GOP questions not new
A president campaigns with promises to achieve a specific goal.
The House goes along. The Senate begins to examine the matter, accedes to various lawmakers’ demands for special favors and concessions, but the process runs into resistance.
Commentators ask why a Republican president with a Republican House and a Republican Senate can’t pass a major element of the Republican platform.
That describes the legislative history of the Smoot-Hawley tariff bill of 1930, admittedly an unfortunate comparison to President Donald Trump and his efforts to win repeal of Obamacare.
That tariff bill eventually passed into law, beginning a debate that dates to this very day about whether it caused, or deepened, the Great Depression.
That debate is beside the point, at least for this column. What is relevant is the process–and the political implications.
“Hoover’s inability to manage Congress was rooted in a fundamental and amateurish misapprehension of his job,” Kenneth Whyte writes in a new (refreshingly positive) biography of the 31st president, to be published two months from now.
He adds: “His ascension to the presidency without benefit of the usual Republican machinery had duped him into thinking that he had little need of his party’s congressional potentates.”
The result of the Trump experience with health care is a fresh set of questions about what the Republican Party is all about, and who is a Republican.
These kinds of questions have been raised before.
They arose, for example, during the Barry Goldwater insurgency of 1964, again during the Ronald Reagan ascendancy in 1976 and 1980, and a third time when religious conservatives became a vital element of the GOP coalition around 1988.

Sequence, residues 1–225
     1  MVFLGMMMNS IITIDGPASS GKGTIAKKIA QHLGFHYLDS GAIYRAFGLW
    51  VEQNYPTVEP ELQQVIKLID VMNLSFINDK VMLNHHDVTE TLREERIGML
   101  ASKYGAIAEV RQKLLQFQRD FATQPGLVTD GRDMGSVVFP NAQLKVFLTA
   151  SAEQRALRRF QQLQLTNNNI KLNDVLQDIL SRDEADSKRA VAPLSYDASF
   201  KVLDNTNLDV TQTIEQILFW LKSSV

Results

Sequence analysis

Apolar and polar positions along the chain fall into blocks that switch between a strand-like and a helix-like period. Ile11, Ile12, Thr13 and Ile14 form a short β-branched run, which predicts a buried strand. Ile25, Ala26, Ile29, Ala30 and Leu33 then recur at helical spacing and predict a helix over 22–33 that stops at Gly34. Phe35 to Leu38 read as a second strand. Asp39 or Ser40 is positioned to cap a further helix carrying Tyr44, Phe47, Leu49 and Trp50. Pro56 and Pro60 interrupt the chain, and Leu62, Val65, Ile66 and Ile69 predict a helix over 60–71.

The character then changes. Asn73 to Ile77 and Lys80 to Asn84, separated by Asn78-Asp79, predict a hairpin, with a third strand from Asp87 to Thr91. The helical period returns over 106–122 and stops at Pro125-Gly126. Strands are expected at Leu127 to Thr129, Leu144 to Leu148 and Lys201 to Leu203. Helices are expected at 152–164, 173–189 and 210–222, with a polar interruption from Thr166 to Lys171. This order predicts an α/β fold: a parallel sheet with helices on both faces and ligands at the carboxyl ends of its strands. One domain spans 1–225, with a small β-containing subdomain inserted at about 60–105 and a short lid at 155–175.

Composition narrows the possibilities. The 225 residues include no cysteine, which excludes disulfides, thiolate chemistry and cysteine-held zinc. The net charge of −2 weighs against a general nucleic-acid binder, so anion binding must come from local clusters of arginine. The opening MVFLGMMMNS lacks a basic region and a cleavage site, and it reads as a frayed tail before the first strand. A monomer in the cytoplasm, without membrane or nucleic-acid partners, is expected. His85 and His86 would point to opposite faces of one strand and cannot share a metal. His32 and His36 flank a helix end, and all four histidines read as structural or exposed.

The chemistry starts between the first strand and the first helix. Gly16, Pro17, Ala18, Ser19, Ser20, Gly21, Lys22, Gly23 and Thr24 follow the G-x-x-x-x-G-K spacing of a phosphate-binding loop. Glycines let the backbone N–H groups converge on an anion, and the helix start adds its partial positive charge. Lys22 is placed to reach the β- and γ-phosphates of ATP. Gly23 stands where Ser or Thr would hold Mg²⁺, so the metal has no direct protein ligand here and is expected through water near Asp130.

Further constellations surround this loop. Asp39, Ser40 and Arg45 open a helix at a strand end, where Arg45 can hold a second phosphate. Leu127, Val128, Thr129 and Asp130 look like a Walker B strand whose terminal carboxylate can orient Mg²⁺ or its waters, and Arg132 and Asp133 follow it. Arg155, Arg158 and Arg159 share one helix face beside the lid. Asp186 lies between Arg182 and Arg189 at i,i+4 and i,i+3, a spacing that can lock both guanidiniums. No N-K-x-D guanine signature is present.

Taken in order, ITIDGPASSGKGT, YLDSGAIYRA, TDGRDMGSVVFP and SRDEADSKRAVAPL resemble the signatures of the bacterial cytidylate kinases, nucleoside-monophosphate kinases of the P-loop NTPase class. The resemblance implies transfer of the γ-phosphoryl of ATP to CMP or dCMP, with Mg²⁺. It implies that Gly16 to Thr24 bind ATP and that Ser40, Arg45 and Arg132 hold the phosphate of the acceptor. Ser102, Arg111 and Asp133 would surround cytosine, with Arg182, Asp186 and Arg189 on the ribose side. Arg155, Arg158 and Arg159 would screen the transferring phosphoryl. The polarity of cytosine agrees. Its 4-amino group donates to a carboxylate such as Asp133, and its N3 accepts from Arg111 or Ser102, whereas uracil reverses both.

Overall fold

Nor are these questions confined to the Republican Party. The Democrats asked similar, searing and searching questions in the period after 1968, when they lost five out of six elections and might have lost them all had not the party been burdened by the Watergate scandal in 1976.
But this month the question is taking on new urgency, prompted by the rise of a president who once was a Democrat and who won the White House by running against the establishment of the very party that gave him its presidential nomination.
Goldwater tried that more than a half-century ago and failed. By the time Reagan won his first nomination in 1980, he had a good deal of the establishment behind him, and his runningmate, George H. W. Bush, whose father was a Connecticut senator, was a gold-plated member of that establishment.
This is something entirely new.
The Republican Party is being re-formed, or reformed, at this very moment. Sober voices are asking whether some members of the party are really Republicans after all, and whether they ought to be allowed to remain under the party’s policy umbrella.
”The fact is that last year after Trump won, everyone was on the same page: full repeal of Obamacare,” says Andrew Roth, the chief lobbyist for the Club for Growth, a conservative group that emphasizes economic issues, especially lower taxes. ”When the vote came and it mattered, some Republicans betrayed their campaign promises. The truth is that they largely believe in keeping Obamacare going. They’re too liberal for the constituents they represent.”
Some establishment figures, meanwhile, are wondering whether they are welcome anymore. Like all presidents, Trump is remaking his party in his own image.
As a result, the question of who is a Republican, and what that means, remains open.